Grow markets and capture value

Aspiration: Growers have access to a diversity of markets and get more for the crop.

Seizing new and existing market opportunities and reducing post-farm gate costs provides growers with choice, opportunities to capture more value and help manage price risk.

The Australian grains industry is well placed to meet market need and capitalise upon strong demand from a growing, increasingly affluent population. Our industry has a successful track record of establishing new markets, maintaining or growing existing ones, supported through RD&E investment. Gaining access for Australian canola into China or maintaining access into the European market are just two examples that have helped provide market choice and put more dollars in growers’ pockets. The provision of high-quality grain functionality data, breeding to end-use requirements, and robust classification systems are other examples of this.

Recognising grain prices, markets and supply chains are volatile and driven by factors largely beyond our direct control, RD&E plays a critical role in helping growers and industry to remain cost competitive, support reliability of supply, and capture value through differentiation. Intensified RD&E effort will be made over the next five years to support the identification and capture of market, price and post-farm gate cost opportunities. Collaboration and alignment across the grains industry will be critical to make choices that focus our effort on realising the most important and profitable opportunities.

iconEnduring access to a diversity of markets

In a deregulated environment, keeping abreast of the big picture and market signals is critical. Investment in this area aims to understand domestic and  global grain markets to support ongoing access to a range of existing and new markets to mitigate risk. GRDC cannot directly undertake marketing or advocacy, however we can invest in RD&E that supports market growth or creates competitive advantage. Understanding what end users want now, and in the future enables us to focus R&D effort and inform decisions to ensure we breed, classify, grow and supply grain that markets prefer.

iconAdd value to the crop to increase margins

Knowing what markets want allows us to explore opportunities to enhance or differentiate Australian grain to get more for the crop. Opportunities exist to be the first mover into new and emerging high value markets and grow existing markets. Value-add or differentiation opportunities in areas such as grain  functionality, food safety, human health and sustainability should be driven by market demand. Investment can help ensure our varieties, agronomy, grading, classification, segregation and systems are fit-for-purpose to meet market requirements.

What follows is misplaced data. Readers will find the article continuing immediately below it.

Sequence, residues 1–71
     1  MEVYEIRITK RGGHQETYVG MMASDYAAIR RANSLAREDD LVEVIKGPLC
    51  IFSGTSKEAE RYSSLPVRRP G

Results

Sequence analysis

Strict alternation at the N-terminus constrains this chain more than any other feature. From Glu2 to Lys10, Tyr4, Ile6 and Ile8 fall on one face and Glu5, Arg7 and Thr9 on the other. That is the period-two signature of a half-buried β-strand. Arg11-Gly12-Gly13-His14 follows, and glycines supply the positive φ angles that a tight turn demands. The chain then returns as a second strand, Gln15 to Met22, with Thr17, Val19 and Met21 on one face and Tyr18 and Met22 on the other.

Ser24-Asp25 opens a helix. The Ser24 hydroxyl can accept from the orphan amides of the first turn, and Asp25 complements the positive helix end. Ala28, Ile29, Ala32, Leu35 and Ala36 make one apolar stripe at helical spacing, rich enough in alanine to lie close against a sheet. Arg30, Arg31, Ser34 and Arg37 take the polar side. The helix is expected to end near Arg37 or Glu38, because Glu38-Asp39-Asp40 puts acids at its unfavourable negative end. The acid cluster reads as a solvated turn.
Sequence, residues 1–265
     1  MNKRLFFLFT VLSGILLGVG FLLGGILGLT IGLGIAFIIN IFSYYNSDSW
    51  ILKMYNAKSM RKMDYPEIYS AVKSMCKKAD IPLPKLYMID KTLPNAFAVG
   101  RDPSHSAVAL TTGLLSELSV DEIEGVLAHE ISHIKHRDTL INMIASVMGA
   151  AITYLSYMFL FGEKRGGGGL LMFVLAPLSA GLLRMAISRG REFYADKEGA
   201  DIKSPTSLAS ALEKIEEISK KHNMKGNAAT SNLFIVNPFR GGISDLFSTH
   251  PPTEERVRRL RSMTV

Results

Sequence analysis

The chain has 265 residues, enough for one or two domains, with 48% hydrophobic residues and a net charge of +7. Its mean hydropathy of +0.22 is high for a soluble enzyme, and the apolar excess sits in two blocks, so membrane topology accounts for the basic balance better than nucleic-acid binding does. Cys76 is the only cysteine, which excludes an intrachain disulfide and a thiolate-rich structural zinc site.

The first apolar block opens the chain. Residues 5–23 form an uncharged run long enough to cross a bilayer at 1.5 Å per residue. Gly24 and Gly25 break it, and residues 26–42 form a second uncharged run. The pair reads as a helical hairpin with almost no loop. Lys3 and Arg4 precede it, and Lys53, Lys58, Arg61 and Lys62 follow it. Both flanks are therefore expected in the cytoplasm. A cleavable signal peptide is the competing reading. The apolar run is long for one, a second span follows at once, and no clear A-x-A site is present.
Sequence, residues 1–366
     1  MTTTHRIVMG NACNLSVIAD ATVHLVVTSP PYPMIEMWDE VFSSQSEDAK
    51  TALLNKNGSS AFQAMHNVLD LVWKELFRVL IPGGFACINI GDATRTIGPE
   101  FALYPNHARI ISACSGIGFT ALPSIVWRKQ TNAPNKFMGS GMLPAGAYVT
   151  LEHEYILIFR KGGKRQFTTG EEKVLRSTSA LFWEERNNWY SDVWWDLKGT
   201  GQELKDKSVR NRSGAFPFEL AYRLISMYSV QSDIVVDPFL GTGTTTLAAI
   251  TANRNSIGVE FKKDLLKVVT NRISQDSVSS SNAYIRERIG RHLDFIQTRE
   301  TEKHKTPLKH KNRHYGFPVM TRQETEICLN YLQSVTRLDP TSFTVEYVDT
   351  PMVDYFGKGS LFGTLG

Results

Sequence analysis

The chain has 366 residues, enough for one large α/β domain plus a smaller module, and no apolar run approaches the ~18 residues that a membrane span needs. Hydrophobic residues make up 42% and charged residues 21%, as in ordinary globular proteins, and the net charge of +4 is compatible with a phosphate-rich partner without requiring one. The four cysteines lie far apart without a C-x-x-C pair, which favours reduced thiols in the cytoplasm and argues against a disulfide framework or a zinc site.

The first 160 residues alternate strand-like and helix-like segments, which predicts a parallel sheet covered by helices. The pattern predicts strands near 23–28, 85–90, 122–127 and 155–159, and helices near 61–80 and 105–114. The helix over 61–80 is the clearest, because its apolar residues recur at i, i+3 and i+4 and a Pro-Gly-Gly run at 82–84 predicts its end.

iconLower post-farm gate costs

Post-farm gate costs represent a significant proportion of the total cost of grain delivered to market. A range of factors influence the efficiency and competitiveness of Australia’s grain supply chain. Whilst estimates vary and depend on a range of factors, supply chain costs represent around 30-35 per cent of the total free on board cost of grain (excluding international shipping) (16), starting at around $60-70/t for wheat (17). Seasonal variability in the size of the crop poses major challenges to logistics, segregation and Australia’s ongoing ability to handle the crop. RD&E that supports reductions in post-farm gate costs provides opportunity to improve the long-term competitive position of the Australian grains industry and put more dollars in growers’ pockets. This area of focus may include RD&E to help co-ordinate infrastructure investment, transport, handling and storage innovations

Real breakthroughs (to reduce post-farm gate costs) are needed. There are opportunities that have not been tried.

Supply chain components as a proportion of the total delivered cost of wheat into Indonesia for Australia, Canada and the Ukraine (2019/20), excluding levies and check-offs (16).


Note: Adapted from L.E.K. report on international comparison of Australia's freight and supply chain performance and refer to context and disclaimer when interpreting, including consideration of differences in transport distance. Included as an example only, recognising costs are a snapshot in time, are influenced by numerous variables and have not been updated to consider global events and circumstances having occurred since.

16. L.E.K. Consulting Australia Pty Ltd. (2020). International Comparison of Australia’s Freight and Supply Chain Performance.
Final Report. December 2020. Report prepared for the Commonwealth of Australia as requested by the Department of
Infrastructure, Transport, Regional Development and Communications. International Comparison of Australia’s Freight and
Supply Chain Performance | L.E.K. Consulting (

17. White, P., Carter, C., and Kingwell, R. (2018). Australia’s grain supply chains. Costs, risks and opportunities. Australian Export
Grains Innovation Centre, 3 Baron-Hay Court, South Perth, Western Australia 6151. Australia’s grain supply chains: costs,
risks and opportunities – Aegic | Australian Export Grains Innovation Centre

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